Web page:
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Federal Probation Journal - December 1999

Federal Probation Journal (December 1999) is dedicated to informing its readers about current thought, research, and practice in corrections and criminal justice. Explore the issue.

This Issue in Brief

This Special Issue of Federal Probation, marking the 100th anniversary of the Juvenile Justice system in this country, has been produced under the guest editorship of the Honorable Theodore McMillian, of the Eighth Circuit Court of Appeals. Prior to serving on the 8th Circuit, Judge McMillian was a Missouri Court of Appeals judge, and during that period he heard cases in the juvenile court of St. Louis for several years. Out of Judge McMillian’s experience with the juvenile court, he has contributed observations and reflections for the lead article, “Early Modern Juvenile Justice in St. Louis.” We thank Judge McMillian for graciously consenting to be guest editor on this important anniversary, and for sharing the benefits of his experience.

Ellen Wilson Fielding

Early Modern Juvenile Justice in St. Louis

By Theodore McMillian

The juvenile court system, on both the state and federal levels, has gone through many changes in its 100-year existence. Among these are the extension of legal protections to juveniles as a result of In re Gault and the increase in the prosecution of children as adults for certain offenses. The Hon. Theodore McMillian, who serves as guest editor of this issue of Federal Probation, describes some of the changes he observed and participated in first as a state trial judge and then as a circuit judge assigned to the juvenile division in St. Louis, Missouri in the 1960s.

Pending Juvenile Legislation

By David N. Adair, Daniel A. Cunningham

Traditionally in our legal system, the primary responsibility for apprehending, adjudicating, and treating juvenile criminals has rested with the states. In recent years, Congress has considered bills expanding federal jurisdiction over juveniles. This past year, interest in such legislation was heightened by violent events such as the shootings in Columbine High School in Littleton, Colorado. Authors David N. Adair and Daniel A. Cunningham discuss provisions of the House and Senate versions of the 1999 juvenile crime bills considered by Congress.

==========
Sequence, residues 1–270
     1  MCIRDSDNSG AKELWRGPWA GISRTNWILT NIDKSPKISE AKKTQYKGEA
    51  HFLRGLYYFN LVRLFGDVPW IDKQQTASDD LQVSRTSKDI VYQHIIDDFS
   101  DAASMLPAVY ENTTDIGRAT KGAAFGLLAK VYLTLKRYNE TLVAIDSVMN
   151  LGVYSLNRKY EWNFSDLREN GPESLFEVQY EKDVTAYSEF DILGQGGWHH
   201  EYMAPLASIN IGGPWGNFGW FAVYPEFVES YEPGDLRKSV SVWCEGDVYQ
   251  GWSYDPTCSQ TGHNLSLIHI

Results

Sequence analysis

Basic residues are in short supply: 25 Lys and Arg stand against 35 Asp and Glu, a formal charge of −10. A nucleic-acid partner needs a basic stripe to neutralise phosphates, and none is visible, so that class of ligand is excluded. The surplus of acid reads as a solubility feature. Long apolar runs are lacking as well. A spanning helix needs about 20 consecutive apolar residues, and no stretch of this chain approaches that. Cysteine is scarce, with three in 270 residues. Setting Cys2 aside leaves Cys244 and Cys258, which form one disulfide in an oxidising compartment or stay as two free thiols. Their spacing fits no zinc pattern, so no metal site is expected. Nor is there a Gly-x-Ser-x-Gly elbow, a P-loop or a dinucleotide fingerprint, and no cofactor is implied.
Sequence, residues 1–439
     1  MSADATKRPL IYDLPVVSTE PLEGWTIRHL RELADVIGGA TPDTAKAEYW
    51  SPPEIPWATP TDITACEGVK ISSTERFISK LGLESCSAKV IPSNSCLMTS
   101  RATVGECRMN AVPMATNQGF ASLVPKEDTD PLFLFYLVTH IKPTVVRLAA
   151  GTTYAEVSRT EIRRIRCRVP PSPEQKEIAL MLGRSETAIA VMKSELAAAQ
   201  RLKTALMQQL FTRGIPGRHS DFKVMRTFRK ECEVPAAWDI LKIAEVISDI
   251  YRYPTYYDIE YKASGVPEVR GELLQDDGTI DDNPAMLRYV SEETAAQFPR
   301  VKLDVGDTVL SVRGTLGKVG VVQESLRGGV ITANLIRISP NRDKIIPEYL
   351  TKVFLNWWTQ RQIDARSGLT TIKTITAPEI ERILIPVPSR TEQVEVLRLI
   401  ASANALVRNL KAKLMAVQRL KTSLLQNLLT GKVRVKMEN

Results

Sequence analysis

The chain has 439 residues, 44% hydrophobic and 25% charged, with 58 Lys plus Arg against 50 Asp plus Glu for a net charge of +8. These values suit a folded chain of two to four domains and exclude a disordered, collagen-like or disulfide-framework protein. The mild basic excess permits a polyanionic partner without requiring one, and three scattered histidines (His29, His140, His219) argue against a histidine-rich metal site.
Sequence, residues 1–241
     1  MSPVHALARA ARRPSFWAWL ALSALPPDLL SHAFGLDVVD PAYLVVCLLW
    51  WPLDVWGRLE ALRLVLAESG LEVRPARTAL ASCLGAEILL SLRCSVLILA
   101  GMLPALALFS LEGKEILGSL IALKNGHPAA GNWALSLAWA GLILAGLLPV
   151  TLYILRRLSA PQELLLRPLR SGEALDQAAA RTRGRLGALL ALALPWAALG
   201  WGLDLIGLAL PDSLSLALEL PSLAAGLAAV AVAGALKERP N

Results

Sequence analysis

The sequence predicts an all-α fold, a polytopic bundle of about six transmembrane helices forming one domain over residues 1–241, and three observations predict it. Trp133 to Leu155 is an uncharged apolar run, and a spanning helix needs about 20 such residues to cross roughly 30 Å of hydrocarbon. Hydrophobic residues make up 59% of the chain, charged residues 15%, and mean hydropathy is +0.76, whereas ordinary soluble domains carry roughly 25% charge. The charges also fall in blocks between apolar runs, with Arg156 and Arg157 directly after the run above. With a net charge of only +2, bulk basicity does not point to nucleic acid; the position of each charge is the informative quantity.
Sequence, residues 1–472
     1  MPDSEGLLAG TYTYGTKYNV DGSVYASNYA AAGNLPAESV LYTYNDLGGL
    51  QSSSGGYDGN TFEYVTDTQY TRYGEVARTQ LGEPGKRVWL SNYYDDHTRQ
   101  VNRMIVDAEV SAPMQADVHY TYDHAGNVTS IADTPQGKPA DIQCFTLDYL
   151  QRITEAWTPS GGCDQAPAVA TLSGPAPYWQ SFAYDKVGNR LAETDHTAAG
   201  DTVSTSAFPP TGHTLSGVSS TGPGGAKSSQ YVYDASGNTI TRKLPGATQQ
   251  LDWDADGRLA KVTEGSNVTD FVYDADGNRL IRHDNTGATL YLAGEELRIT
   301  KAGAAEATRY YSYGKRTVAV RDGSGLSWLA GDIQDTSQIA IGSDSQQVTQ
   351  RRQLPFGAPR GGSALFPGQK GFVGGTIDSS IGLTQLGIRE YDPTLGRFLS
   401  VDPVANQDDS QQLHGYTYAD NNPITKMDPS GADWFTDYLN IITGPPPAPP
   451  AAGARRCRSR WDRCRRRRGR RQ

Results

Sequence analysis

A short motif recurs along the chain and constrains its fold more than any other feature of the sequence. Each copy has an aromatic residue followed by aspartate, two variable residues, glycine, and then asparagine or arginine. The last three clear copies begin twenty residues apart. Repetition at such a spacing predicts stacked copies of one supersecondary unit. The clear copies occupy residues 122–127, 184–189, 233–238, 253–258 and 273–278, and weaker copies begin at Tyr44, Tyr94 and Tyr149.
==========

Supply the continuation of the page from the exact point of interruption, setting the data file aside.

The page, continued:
Punitive Juvenile Justice Policies and the Impact on Minority Youth

By Michael Finley, Marc Schindler

As more than 40 states have amended their laws to allow for the increased prosecution of children in adult court, minority youth are over-represented at every stage of the juvenile justice system. Many states have begun to recognize this problem and are establishing creative partnerships to address the over-representation of minority youth in the juvenile justice system. Authors Michael Finley and Marc Schindler discuss punitive policies regarding youthful misconduct, the impact of these policies on minority youth, and some of the strategies employed by states to address the problem.

Successful Strategies for Reforming Juvenile Detention

By Bart Lubow

Despite a hostile policy environment, three jurisdictions that participated in a foundation-supported comprehensive juvenile detention reform initiative made significant strides in reducing inappropriate admissions, shortening processing times, and improving failure-to-appear and pretrial re-arrest rates. Author Bart Lubow offers their experiences as evidence that collaboratively conceived, data-driven policies and programs can transform many of today’s chronically crowded, idiosyncratic detention systems into models of fairness, efficiency, and effectiveness.